Treatment of Diabetes Mellitus with Oral Hypoglycemic and Antihyperglycemic Agents in Two Cotton-Top Tamarins (Saguinus oedipus)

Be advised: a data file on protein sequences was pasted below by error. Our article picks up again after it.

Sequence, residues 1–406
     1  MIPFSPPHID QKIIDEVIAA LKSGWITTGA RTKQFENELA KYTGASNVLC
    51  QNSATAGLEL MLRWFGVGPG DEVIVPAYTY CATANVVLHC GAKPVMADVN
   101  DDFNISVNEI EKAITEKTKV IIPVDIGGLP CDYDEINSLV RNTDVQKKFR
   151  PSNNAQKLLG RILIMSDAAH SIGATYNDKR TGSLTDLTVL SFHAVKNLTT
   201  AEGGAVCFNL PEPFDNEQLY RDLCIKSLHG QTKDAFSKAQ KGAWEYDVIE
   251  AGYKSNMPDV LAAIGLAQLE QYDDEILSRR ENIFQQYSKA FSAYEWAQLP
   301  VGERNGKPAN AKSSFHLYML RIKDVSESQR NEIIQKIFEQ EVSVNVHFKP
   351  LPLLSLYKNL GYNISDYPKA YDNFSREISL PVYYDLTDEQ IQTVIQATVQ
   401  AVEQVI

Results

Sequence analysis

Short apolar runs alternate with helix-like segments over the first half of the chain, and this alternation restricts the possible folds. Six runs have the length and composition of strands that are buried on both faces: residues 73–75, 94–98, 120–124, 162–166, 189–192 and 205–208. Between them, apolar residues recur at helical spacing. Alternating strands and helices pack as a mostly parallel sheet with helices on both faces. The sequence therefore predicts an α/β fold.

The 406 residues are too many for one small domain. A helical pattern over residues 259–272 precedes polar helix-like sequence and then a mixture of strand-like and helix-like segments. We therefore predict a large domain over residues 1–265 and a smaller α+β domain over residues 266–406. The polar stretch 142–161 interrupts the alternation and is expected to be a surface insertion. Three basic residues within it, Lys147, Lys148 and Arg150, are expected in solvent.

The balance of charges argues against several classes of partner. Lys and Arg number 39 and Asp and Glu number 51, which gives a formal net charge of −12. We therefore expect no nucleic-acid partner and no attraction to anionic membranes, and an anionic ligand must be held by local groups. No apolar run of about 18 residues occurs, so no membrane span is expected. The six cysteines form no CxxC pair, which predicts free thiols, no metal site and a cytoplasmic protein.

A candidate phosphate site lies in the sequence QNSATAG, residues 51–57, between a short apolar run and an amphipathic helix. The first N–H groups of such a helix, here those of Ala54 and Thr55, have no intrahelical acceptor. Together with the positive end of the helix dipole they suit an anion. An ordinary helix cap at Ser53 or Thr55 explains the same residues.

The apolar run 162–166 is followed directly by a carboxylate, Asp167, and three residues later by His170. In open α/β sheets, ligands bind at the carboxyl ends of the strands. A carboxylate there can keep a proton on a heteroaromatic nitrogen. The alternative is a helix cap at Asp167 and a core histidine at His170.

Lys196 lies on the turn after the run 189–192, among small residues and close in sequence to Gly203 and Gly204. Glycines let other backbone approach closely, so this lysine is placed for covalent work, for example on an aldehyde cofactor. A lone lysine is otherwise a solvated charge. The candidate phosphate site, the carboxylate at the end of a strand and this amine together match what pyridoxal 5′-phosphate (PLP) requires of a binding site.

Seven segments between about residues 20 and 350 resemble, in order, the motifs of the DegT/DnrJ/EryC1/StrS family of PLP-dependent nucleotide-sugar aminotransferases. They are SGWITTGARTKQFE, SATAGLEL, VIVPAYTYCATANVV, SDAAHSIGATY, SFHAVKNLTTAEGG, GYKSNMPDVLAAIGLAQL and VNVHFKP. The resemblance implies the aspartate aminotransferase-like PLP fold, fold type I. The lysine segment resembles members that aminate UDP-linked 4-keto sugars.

Two related cotton-top tamarins (Saguinus oedipus) were diagnosed with diabetes mellitus via persistent glucosuria and elevated glycosylated hemoglobin percentages (GlyHg). Diet changes included removal of all simple sugars from the diet, including fruit, “marmoset jelly,” and sweet corn from a porcupine’s diet (mixed species exhibit). Multiple oral hypoglycemic and anti-hyperglycemic agents were compounded and administered in different combinations including: metformin (50 mg/kg SID), acarbose (2–5 mg/kg BID), glipizide (0.5–4 mg/kg SID–BID), pioglitazone (3–9 mg/kg BID), and glimepiride (1–3 mg/kg BID) (Diamondback Compounding Pharmacy, Scottsdale, AZ). Metformin was not accepted regardless of flavor used for compounding. Animals were target-trained to a clean platform for opportunistic urine collection. Response to treatment was monitored by daily measurement of glucosuria and periodic measurement of GlyHg. The younger animal responded well to a glipizide (1 mg/kg BID) and acarbose (2 mg/kg BID) combination. Pretreatment GlyHg was 8.6% and post-treatment values ranged from 4.6–5.8% (human normal <6.0%). It was eventually weaned off medications and appears to have been a transient non-insulin dependent diabetic. The older animal did not respond to any medication combination over 18 months (pretreatment GlyHg=13%; post-treatment 10.0–11.3%) and as a result was thought to be an insulin-dependent diabetic. This presentation highlights the challenges and solutions of treating diabetes mellitus in small nonhuman primates, including appropriate diet in a mixed species exhibit, training for urine collection, and difficulty in medication administration. It also demonstrates that this disorder can be treated successfully, without insulin injections, if diagnosed early in its progression.